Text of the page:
There are those sayings you have heard a thousand times, the ones that firmly form that border between Quite Trite and Oh So Deep. You know the ones: “This, too, shall pass,” “Change is the only constant,” “Every beginning comes from some other beginning’s end,” and their ilk. The kind of stuff your grandparents quietly whisper to you while the rest of your family mutters and moans over your latest gaffe. The kind of stuff that goes in one ear and most of the way out the other until later that night, as you lay awake staring at the ceiling, trying to think your way to a better situation. When it returns, just a whisper, “This, too, shall pass” and you bolt upright in bed and realize that Bamps may be the wisest man who has ever lived.
Cannabis, in her own way, is wise like a grandparent. She whispers her plant wisdom to us when we commune with her, assuring us of the peace we carry in our depths but fail to remember in the midst of the hustle and bustle life throws our way. She brings a softness of focus when things stand in the harshest light, whether it be the annihilating blaze of our most difficult revelations or the blinding burst of those things we are not ready to face yet. Sometimes life is hard. Maybe someone you love dies. Maybe a relationship ends. Sometimes you wonder why.
Maybe the police come to your door at 5 or 6 in the morning like they did mine and you end up on the front page of your hometown paper and the entire surface layer of your life goes out the window. Maybe only two things make you feel better: your grandma telling you, “It’s OK, darling ... just another chapter for your book,” as she has a few times through the years, and that one day a month, after seeing your probation officer, when you can do a couple bong hits and lay down and breathe and let things go for an afternoon and begin the slow process of flowing into your new life.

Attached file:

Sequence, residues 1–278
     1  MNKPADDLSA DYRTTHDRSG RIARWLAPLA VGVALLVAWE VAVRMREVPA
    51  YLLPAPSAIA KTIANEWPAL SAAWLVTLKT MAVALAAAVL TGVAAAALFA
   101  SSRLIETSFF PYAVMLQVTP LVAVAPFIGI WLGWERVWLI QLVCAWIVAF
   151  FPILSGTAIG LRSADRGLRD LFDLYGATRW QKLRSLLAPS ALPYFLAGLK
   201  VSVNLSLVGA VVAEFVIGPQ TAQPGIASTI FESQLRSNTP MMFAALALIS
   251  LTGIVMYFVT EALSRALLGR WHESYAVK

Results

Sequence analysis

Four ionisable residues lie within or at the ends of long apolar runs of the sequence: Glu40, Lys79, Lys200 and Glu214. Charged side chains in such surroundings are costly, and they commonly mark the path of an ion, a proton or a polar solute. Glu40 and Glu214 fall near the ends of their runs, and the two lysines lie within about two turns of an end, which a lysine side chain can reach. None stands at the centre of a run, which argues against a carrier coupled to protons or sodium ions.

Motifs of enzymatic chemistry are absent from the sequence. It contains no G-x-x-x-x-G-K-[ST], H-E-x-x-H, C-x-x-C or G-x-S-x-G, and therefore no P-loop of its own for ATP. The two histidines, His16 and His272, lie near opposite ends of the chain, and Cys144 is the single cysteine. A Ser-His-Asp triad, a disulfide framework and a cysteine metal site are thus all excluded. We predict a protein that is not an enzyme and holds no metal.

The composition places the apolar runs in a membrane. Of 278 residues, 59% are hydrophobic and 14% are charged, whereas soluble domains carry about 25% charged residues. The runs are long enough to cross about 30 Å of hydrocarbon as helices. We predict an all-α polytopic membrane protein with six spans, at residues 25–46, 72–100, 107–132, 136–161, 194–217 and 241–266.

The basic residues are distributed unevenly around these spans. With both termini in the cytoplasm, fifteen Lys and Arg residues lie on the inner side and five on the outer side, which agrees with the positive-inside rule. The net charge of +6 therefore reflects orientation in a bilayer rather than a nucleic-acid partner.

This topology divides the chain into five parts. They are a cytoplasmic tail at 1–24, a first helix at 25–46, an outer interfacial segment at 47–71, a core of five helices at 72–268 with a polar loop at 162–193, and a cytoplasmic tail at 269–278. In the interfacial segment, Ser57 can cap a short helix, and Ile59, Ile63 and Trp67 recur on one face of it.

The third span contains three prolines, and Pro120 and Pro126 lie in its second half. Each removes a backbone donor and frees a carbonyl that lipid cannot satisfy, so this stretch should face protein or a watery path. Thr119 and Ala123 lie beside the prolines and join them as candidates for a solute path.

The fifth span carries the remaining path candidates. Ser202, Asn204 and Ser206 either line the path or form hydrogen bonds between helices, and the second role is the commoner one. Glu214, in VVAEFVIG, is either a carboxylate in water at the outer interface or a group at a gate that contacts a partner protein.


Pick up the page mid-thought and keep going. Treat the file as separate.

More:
Things do, in fact, constantly change. We go where we go. We meet who we meet. We do what we do. Sometimes it all feels the same, but the details never stop replacing one another – a new car, a new pair of pants, maybe a bigger pair, a couple new friends, a change of address, a change in our diet – and one day we look in the mirror and chuckle and barely believe we ever thought what we thought and believed what we believed and a space opens up inside of us to accommodate our constant change.
Maybe a friend calls and offers you an opportunity like I was offered at this magazine. And that space that opened up inside you just happens to include a reservoir full of interest and energy and care and all the other resources needed to do this thing well and you never would have known it existed if not for the opportunity. And while you work together and enjoy the work, you have to remember every once in a while that, this, too, shall pass and it is important to take a break every once in a while, maybe spin a nice spliff and enjoy it while it lasts because maybe someday your friend will follow the space that life opened up inside him to allow him to flow into his new life.
So, that’s what I am going to do right now. I am going to roll one up and reflect on the past two-and-a-half years of work here at DGO under the steady hand of our founding editor, David Holub, and with a smile, wish him the best and thank him for being the best. Godspeed.
Christopher Gallagher lives with his wife and their four dogs and two horses. Life is pretty darn good. Contact him at firstname.lastname@example.org.